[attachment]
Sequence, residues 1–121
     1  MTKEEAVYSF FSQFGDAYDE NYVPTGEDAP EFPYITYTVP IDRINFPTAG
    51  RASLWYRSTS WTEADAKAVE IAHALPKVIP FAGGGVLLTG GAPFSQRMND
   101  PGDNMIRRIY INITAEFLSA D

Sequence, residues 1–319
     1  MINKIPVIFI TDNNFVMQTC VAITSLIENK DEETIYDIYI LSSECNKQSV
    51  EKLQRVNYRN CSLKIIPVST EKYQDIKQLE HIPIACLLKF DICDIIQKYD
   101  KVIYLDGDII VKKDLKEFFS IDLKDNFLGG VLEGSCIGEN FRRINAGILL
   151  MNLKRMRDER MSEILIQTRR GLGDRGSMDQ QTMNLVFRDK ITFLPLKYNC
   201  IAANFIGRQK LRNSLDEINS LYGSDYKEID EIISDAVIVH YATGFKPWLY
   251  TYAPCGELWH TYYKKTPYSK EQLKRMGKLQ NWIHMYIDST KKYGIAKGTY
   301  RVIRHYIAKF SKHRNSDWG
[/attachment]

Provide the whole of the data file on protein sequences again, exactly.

Sequence, residues 1–121
     1  MTKEEAVYSF FSQFGDAYDE NYVPTGEDAP EFPYITYTVP IDRINFPTAG
    51  RASLWYRSTS WTEADAKAVE IAHALPKVIP FAGGGVLLTG GAPFSQRMND
   101  PGDNMIRRIY INITAEFLSA D

Sequence, residues 1–319
     1  MINKIPVIFI TDNNFVMQTC VAITSLIENK DEETIYDIYI LSSECNKQSV
    51  EKLQRVNYRN CSLKIIPVST EKYQDIKQLE HIPIACLLKF DICDIIQKYD
   101  KVIYLDGDII VKKDLKEFFS IDLKDNFLGG VLEGSCIGEN FRRINAGILL
   151  MNLKRMRDER MSEILIQTRR GLGDRGSMDQ QTMNLVFRDK ITFLPLKYNC
   201  IAANFIGRQK LRNSLDEINS LYGSDYKEID EIISDAVIVH YATGFKPWLY
   251  TYAPCGELWH TYYKKTPYSK EQLKRMGKLQ NWIHMYIDST KKYGIAKGTY
   301  RVIRHYIAKF SKHRNSDWG